"It was brilliant. It was courageous. I was extremely proud of General Powell," Rep. Keith Ellison (D-Minn.), the first Muslim elected to Congress, said in a telephone interview. "He said something people were waiting to hear. I think it is important in America for a 7-year-old, whether Muslim or Christian or Jewish. He or she should think they could be president. This is the land of opportunity. Powell talked about a soldier losing his life. Talked about the photo on the son's grave. That there was not a cross or a Star of David at the top, but a crescent, an Islamic symbol. When he talked about that, I had to wipe away a tear."
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Last week, a DVD entitled "Obsession: Radical Islam's War Against the West" was sent to voters in battleground states, showing images of children reciting calls for jihad.
"We are getting calls from all over the country saying, 'My friends, co-workers and neighbors got copies of the DVD, and I'm afraid they would have very negative feelings toward me and my family,' " said Ibrahim Hooper, a spokesman for the Council on American-Islamic Relations in Washington. "Can you imagine receiving a hate-filled DVD that demonizes your faith and you being the only Muslim on the block? How would that make you feel?"
The council recommends that Muslims who have received the mailing simply have conversations with friends and neighbors who also received it. "Our research shows that prejudice goes down when people meet an ordinary Muslim, like the bus driver, the physician, the checkout person at the local Wal-Mart," he says. "Anybody you interact with or see as an ordinary American, but they happen to be Muslim."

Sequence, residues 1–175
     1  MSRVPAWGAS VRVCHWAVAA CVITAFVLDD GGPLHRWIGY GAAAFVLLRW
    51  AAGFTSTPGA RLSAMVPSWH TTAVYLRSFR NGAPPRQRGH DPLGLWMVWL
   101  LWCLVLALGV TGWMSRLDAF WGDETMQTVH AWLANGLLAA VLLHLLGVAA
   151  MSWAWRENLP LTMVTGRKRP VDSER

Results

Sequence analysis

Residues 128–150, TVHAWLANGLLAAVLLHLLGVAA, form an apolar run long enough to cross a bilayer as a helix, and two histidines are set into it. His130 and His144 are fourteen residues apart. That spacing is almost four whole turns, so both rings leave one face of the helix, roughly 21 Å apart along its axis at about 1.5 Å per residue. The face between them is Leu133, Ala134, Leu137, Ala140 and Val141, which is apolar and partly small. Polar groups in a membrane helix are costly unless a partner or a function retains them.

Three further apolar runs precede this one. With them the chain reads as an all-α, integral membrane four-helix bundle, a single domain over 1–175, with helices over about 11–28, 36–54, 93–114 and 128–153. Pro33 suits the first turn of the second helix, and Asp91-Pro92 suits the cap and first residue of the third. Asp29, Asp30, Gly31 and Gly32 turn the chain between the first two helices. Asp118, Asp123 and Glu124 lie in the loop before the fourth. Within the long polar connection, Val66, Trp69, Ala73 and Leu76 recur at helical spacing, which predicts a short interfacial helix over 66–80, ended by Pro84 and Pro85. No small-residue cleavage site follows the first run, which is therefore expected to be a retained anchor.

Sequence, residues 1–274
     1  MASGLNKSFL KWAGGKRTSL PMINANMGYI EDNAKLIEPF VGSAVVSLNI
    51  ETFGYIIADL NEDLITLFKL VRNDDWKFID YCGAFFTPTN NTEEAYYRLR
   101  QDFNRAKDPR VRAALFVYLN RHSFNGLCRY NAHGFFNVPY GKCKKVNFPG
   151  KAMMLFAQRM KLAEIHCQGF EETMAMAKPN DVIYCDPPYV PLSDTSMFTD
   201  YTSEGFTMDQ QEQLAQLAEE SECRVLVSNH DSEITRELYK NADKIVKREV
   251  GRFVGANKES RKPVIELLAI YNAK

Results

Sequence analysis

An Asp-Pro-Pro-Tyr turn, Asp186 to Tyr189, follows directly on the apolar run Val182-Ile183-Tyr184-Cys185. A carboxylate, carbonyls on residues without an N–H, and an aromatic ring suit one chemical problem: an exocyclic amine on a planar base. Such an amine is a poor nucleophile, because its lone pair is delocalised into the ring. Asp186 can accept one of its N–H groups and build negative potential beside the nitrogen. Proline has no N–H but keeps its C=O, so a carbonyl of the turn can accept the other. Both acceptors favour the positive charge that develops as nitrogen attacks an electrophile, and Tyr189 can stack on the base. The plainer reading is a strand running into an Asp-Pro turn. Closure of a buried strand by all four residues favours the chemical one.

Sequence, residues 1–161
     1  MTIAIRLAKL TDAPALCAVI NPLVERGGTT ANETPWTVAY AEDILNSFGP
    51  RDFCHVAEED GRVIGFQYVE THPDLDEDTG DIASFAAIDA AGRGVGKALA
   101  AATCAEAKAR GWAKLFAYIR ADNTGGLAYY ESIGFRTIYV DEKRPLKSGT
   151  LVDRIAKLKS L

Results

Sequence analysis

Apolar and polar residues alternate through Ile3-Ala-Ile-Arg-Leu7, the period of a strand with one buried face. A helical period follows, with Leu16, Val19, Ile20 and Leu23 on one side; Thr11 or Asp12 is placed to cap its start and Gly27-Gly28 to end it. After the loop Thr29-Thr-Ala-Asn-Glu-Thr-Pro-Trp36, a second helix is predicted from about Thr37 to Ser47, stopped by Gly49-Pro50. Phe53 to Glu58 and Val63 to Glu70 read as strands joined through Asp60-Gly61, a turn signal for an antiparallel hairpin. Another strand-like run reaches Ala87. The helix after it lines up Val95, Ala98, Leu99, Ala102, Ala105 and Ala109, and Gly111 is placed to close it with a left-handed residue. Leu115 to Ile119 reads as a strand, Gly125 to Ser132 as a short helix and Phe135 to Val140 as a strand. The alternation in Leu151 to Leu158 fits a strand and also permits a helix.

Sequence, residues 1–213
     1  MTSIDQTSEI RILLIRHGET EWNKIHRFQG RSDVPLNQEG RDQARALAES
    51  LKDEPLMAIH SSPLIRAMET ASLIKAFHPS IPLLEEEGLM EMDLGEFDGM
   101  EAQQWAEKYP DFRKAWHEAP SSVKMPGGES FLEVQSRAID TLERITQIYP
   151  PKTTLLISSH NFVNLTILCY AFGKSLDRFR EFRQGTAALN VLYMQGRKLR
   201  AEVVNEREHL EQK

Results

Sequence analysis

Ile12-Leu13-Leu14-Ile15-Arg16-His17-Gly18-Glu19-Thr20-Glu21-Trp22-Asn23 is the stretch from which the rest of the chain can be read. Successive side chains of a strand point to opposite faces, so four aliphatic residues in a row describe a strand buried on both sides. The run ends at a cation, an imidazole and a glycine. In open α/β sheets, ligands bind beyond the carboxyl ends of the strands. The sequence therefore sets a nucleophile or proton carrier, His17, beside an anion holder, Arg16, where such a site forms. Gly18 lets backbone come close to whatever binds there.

Ahmed Rehab, executive director of CAIR in Chicago, says the DVD is one more example of the way "Muslims and Arabs have become political lepers." Another was the statement made by McCain a few weeks ago when he took the microphone away from a woman at one of his rallies after she said she didn't like Obama because "he is an Arab." "No," McCain said, "He is a good, decent family man."
Ahmed said he knows McCain did not intend to say that "a decent man is not an Arab. . . . I know that is not what he meant because that is too obscene."
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Hossain's next stop is a McDonald's on Little River Turnpike, but he is late, and the student organizer he was supposed to meet has left. Hossain goes inside and orders a fish sandwich, fries and a soda. He does not want it super-size. "After the election," he says, "I will stop eating junk food for a while." (A BBC reporter recently did a short segment on Hossain and the dangers of being politically active and described Hossain as short with the "beginning" of a paunch.)
In his home country, he witnessed poverty, hunger and famine. In the United States, for the first time, he heard people making jokes about famine. He came to this country to attend Duke and graduated with degrees in philosophy, mathematics and economics. Now he is a telecommunications consultant between jobs.
Underneath, he says, he is a human rights activist, fighting not just for Muslims but for other ethnic groups, which share a common experience, facing discrimination in a society that seems to not want "otherness," no matter what that looks like.
"Over the last eight years, whatever the ugly underbelly of society used to be has become more public and acceptable," Hossain says. "Presidential candidates have not been immune to that. It's acceptable to make racial slurs and not flinch about it. I hope whoever the next president is makes a tremendous effort to bring back basic decency. . . . This 'us versus them' sentiment is very powerful in terms of winning elections. But it may be equally fatal for building a civil society."
His cellphone rings. His next appointment is with Abdul Hashem Ahamed, 48, a Herndon taxi driver who will drink tea with Hossain at a Starbucks in McLean, where he also manages a 7-Eleven. He will agree to take Muslim voters to the polls Tuesday.
But before Hossain sets out for their meeting, he steps into the McDonald's parking lot and excuses himself. For 15 minutes or so, he sits in his truck, eyes closed, head bowed, lips moving, an American Muslim in a baseball cap praying between campaign stops.